Ideas from 'Principles of Philosophy' by René Descartes [1646], by Theme Structure

[found in 'Philosophical Essays and Correspondence' by Descartes,René (ed/tr Ariew,Roger) [Hackett 2000,0-87220-502-9]].

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1. Philosophy / D. Nature of Philosophy / 2. Invocation to Philosophy
The greatest good for a state is true philosophers
8. Modes of Existence / C. Powers and Dispositions / 3. Powers as Derived
All powers can be explained by obvious features like size, shape and motion of matter
8. Modes of Existence / D. Universals / 1. Universals
Five universals: genus, species, difference, property, accident
8. Modes of Existence / E. Nominalism / 2. Resemblance Nominalism
A universal is a single idea applied to individual things that are similar to one another
9. Objects / B. Unity of Objects / 2. Substance / a. Substance
If we perceive an attribute, we infer the existence of some substance
9. Objects / B. Unity of Objects / 2. Substance / d. Substance defined
A substance needs nothing else in order to exist
9. Objects / D. Essence of Objects / 9. Essence and Properties
A substance has one principal property which is its nature and essence
11. Knowledge Aims / B. Certain Knowledge / 3. Error
Most errors of judgement result from an inaccurate perception of the facts
11. Knowledge Aims / B. Certain Knowledge / 5. The Cogito
I think, therefore I am, because for a thinking thing to not exist is a contradiction
'Thought' is all our conscious awareness, including feeling as well as understanding
Total doubt can't include your existence while doubting
12. Knowledge Sources / A. A Priori Knowledge / 4. A Priori as Necessities
'Nothing comes from nothing' is an eternal truth found within the mind
13. Knowledge Criteria / B. Internal Justification / 4. Foundationalism / b. Basic beliefs
We can know basic Principles without further knowledge, but not the other way round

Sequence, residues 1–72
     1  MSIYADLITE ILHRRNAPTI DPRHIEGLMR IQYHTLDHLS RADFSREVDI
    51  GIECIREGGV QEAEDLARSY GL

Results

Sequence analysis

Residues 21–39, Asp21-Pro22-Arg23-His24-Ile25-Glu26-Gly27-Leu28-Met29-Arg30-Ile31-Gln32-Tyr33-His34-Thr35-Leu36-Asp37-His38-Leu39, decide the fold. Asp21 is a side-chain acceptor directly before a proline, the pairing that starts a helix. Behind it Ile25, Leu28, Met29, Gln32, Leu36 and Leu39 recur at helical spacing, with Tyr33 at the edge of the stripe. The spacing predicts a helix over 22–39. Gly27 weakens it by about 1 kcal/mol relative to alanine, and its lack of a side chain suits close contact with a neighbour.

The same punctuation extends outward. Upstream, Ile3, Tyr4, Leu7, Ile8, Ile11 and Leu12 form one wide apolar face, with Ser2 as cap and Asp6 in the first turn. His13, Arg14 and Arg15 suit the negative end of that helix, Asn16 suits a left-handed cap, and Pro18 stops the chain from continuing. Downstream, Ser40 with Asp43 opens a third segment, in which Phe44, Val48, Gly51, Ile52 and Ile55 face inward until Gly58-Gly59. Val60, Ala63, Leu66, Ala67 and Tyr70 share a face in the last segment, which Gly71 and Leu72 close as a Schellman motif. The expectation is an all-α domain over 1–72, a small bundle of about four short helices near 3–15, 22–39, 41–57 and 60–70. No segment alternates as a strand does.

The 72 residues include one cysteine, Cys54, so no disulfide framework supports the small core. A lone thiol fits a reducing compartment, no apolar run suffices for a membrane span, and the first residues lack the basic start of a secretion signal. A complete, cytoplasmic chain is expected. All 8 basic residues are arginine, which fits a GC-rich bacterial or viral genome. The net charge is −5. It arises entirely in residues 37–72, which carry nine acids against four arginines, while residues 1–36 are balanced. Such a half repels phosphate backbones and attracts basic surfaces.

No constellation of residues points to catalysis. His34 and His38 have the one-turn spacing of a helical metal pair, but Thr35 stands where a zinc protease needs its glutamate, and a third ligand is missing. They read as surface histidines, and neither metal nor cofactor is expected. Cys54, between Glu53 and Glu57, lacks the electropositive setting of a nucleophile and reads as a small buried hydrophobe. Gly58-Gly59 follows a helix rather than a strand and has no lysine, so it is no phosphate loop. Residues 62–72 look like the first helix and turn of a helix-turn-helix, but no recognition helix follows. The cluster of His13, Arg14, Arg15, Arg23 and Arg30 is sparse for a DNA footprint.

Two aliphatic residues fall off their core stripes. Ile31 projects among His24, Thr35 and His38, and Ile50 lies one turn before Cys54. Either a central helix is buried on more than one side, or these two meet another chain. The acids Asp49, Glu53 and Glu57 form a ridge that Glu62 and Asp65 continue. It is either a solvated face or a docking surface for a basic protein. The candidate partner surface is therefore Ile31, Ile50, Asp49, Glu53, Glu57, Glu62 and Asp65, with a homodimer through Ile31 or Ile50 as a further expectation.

15. Nature of Minds / B. Features of Minds / 1. Consciousness / b. Essence of consciousness
We can understand thinking occuring without imagination or sensation
16. Persons / D. Self and Body / 3. Cartesian Ego
In thinking we shut ourselves off from other substances, showing our identity and separateness
16. Persons / F. Free Will / 1. Free Will / a. Nature of free will
Our free will is so self-evident to us that it must be a basic innate idea
17. Mind and Body / A. Mind-Body Dualism / 1. Dualism
There are two ultimate classes of existence: thinking substance and extended substance
17. Mind and Body / D. Property Dualism / 5. Supervenience of mind
Even if tightly united, mind and body are different, as God could separate them
20. Action / D. Explaining an Action / 5. Responsibility for Actions
The greatest perfection of man is to act by free will, and thus merit praise or blame
We do not praise the acts of an efficient automaton, as their acts are necessary
26. Natural Theory / A. Heart of Nature / 1. Nature
Physics only needs geometry or abstract mathematics, which can explain and demonstrate everything
26. Natural Theory / A. Heart of Nature / 2. Natural Purpose
We will not try to understand natural or divine ends, or final causes
Our philosophy has no interest in final causes
27. Natural Reality / A. Physics / 1. Matter / g. Matter as extension
Matter is not hard, heavy or coloured, but merely extended in space